Monday, October 29, 2018

Filmstrips (miscellaneous)

image(1948? – 1990?)
Wikipedia Entry

Technology marches on and new technologies supplant the old. Often, the new version is clearly superior, but that doesn’t mean you can’t remember the old technology fondly.  And for me, that is the filmstrip.

In the 50s and 60s, they were ubiquitous in public schools, the only way to easily use multimedia in the classroom. A couple of times a month, the teacher would bring out the filmstrip projector and a phonograph (optional) and we’d be treated to a show.

imageThe filmstrip was a single strip of film that came in a little canister. You’d pull the film out of the canister and put it in a holder on the projector, then thread it through. 

Once set, you were treated to a presentation. Each image was advanced manually, sort of a precursor to PowerPoint.

The design was clever. After being shown, the film was put into a little holder, threaded so that the first slide stayed the first slide when you were done.  No rewinding!  Some units even allowed you to fit the canister into the holder, so everything was ready for the next show.

Some of the strips had audio accompaniment.  It started out on records, that would give the narration to the slide, and then beep.  That was the signal for the operator to advance the image.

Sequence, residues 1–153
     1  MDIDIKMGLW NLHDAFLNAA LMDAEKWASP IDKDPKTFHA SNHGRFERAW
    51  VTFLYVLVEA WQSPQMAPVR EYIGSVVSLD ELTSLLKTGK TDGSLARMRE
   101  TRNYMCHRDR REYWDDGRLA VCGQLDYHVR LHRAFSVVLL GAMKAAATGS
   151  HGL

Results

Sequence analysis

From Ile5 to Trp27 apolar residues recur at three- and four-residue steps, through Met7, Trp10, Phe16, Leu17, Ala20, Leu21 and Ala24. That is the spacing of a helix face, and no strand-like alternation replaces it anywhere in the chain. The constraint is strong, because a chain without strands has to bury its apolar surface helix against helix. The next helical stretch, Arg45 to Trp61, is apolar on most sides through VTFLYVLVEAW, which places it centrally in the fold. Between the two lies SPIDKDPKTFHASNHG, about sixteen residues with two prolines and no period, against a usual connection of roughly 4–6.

Of course, it was a high honor for the teacher to ask you to advance the film after each beep.*

As time passed, the technology advanced.  By the 70s, audio cassettes replaced the records.** Eventually, auto-advance  was added, probably disappointing the folks in the AV Club.

Of course, once videocassettes came along, they rapidly supplanted filmstrips. Now you could easily see moving images.  Filmstrips and their projectors became antiques by the 1990s.

And that was certainly an improvement.*** But they remain a fond memory for anyone who went to school in that era.

*The other great bit of AV equipment when I was in high school were the 16mm film projectors. It was an even greater honor than to be asked to set those up and avoiding the dreaded problem of “loosing the loop.”  The other option – the slide projector – was too awkward to use until Kodak invented the Carousel projector in 1964.

**Or did if the school had the budget for it.

***Though, since filmstrips were done by professionals, they didn’t fall into the same pitfalls as PowerPoint.

1 comment:

Tonebone said...

My 6th grade teacher knew I was a budding comic book creator and handed me a bunch of BLANK filmstrips. One side was slick and glossy, while the other was sort of a matt matt surface you could draw on with colored pencils. I wish I could say I created a masterpiece... But the class seemed to like it.